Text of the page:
Bob Marshall [00:10:07] Yeah. Look, I mean, the service that we provide our insurance partners, I mean, the business case I think is pretty straightforward. And there's a number of components to it, right? I mean, as with any kind of claim, I mean, the insurance companies know that, you know, the electrical fires, there's a certain frequency, you know, how often they typically happen in their book of business. And then there's a severity. Right. And when you do have one of those fires, what is the average loss? And as I learned at conference in New York, you all, well, know that the cost of the claims is skyrocketing, right? So when you do have a fire in a customer's home, the cost of that today is substantially higher than it was a year or two or three ago because of inflation and supply chain issues and all that kind of stuff. So, you know, so preventing it becomes even more important, right, economically. So if you just look at the frequency of the loss, the severity of the loss, and then if we can prevent 80 percent of those, then you can determine on a per customer basis how much are we saving. And it turns out that we can provide Ting service to a customer, and it will more than be made up by the savings from the loss, you know, prevented losses. So that's obviously the number one thing. And from a business model perspective is just prevent the losses. And that's been hard to document historically with, you know, some of the efforts that have been done with IoT, but here we have the data. You know, and then, you know, beyond the loss prevention, which is the lead, always the lead. Take care of the customer. Right. Make it better for everybody, you know, and then the customers love it. You know, the quotes that we get every day from customers are incredible. And, you know, they become very, it's a different relationship that the insurance carrier has with the family when, you know, they're not just paying the claim after some devastating event, they're actually helping prevent the event, the customer is very loyal. So we see increases in retention. You know, agents that are, you know, obviously selling new policies to customers, you know, when they can tell a prospective customer that, Hey, not only are we going to prevent you if there is a problem and protect you and take care of you, if there is a problem, we're going to help prevent the loss. We invest in technology to help prevent the loss. So there's a number of different economic benefits to the carrier, and that's all part of what we do, you know, with our partners. And on the insurance side is share the data, work together, focus on prevention, monitor the data and demonstrate that it's working for everybody involved.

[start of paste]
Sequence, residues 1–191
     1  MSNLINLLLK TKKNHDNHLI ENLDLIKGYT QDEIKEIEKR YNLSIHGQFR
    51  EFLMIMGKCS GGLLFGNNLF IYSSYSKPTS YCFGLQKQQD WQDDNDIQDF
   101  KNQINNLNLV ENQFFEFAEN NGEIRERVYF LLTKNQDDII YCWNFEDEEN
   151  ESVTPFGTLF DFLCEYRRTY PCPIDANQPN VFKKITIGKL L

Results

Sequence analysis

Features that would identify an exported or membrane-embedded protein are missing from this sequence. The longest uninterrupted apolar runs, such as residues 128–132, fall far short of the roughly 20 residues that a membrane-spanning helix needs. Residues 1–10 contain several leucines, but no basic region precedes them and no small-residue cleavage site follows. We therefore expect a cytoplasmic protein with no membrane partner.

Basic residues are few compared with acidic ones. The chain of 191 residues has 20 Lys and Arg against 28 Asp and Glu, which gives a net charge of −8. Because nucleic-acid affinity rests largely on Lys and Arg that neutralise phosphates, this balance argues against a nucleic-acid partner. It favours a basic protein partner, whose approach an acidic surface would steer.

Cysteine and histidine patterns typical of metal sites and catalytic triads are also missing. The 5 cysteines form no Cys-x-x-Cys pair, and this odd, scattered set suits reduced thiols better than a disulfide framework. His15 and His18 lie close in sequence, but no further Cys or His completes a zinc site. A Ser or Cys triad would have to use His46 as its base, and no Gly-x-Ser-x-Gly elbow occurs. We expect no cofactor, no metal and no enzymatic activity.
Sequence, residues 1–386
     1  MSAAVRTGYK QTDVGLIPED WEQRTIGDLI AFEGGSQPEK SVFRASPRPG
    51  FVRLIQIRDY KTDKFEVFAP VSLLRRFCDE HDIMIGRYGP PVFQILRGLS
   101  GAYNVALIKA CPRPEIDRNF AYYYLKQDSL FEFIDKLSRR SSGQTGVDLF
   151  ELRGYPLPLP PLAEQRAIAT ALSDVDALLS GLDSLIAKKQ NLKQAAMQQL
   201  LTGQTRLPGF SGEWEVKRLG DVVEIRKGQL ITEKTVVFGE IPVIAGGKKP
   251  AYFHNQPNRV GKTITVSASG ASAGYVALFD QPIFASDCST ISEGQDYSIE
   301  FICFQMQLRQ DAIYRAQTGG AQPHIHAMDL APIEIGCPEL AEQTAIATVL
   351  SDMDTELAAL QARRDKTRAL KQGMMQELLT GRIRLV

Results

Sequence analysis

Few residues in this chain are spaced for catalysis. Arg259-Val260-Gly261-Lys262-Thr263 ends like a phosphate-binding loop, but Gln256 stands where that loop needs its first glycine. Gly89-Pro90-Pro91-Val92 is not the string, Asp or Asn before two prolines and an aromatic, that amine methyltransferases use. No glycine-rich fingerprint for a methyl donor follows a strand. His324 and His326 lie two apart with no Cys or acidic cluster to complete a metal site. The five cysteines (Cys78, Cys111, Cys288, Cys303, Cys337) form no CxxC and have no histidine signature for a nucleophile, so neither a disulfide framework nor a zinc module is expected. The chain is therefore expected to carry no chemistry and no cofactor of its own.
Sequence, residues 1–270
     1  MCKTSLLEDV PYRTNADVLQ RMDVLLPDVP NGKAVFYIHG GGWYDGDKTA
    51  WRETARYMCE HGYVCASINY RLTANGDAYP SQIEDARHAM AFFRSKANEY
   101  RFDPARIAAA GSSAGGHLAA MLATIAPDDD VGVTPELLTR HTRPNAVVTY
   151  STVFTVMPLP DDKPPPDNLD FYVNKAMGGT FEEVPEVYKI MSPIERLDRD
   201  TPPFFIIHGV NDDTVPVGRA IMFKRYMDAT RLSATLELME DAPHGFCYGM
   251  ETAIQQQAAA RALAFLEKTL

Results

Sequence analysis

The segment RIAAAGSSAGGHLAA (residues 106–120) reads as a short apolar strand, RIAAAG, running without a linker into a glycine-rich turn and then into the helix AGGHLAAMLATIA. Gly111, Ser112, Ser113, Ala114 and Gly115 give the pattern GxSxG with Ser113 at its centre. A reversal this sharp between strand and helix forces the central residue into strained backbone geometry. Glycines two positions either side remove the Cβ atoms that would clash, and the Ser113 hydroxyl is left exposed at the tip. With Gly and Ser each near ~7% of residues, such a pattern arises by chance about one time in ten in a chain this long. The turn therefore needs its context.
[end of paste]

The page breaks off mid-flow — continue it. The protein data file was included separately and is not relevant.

Peter Miller [00:12:38] Yeah, it's an interesting analogy. If I might just for a second, I knew a friend of mine who had a limo business and he advertised himself as a chief safety officer. And instead, you know, most people would say, Well, I'm going to get you from point A to point B, well he got you from point A to point B, but he was very safe and he got me on safely. When he started doing that, it's now about caring. And sure, it's a service, but, you know, it's beyond that, and his retention in his business went way up. And it sounds like that's an opportunity for insurance companies, from what I hear you say, Bob, is to go, look, we're helping you and we're saving you before bad things happen. We'll take care of you for bad things happen. But that seems like a real value add that insurance companies can use and predict and prevents sort of way.
Bob Marshall [00:13:29] Yeah, 100 percent. I mean, I think, look, if you look back over IoT, you know, all the different devices over the last 10, 15 years, I think one of the things that has been demonstrated – and the security companies know this, right, the Simply Safe, the ADTs -- and you know what customers care about and what resonates what compels them to take action is safety. There's a lot of different things that can save you energy. They can make it convenient. And a lot of those things are great too, right? Nothing against all that. That's good. But when it comes to safety, people really do care. They don't want, you know, their families to be unsafe. So if you're taking steps, you know, to protect them, that really does resonate with the customer. And that's you know, that's obviously important. And in the long run, if you just take a, you know, a look strategically, if you can establish that kind of relationship to your point about the chief safety officer on the limo business, I mean, if that's the relationship that you have is that you're working on their behalf to protect them, it's a great relationship to have.
Peter Miller [00:14:33] Certainly is. And it sounds like you're well-placed to help insurance companies certainly do that. Bob, just one other question. I'm interested in your, you know, we're doing a lot on predict and prevent. You're ahead of the game. And certainly with the work you've done with various insurance companies, you're making it real. I applaud you for being, you know, have the vision to do that. But if you could just take a step back, can you just talk about predict and prevent maybe more holistically, and where you think the insurance companies can go with that and the value add that can happen, from your perspective as somebody who's doing it successfully.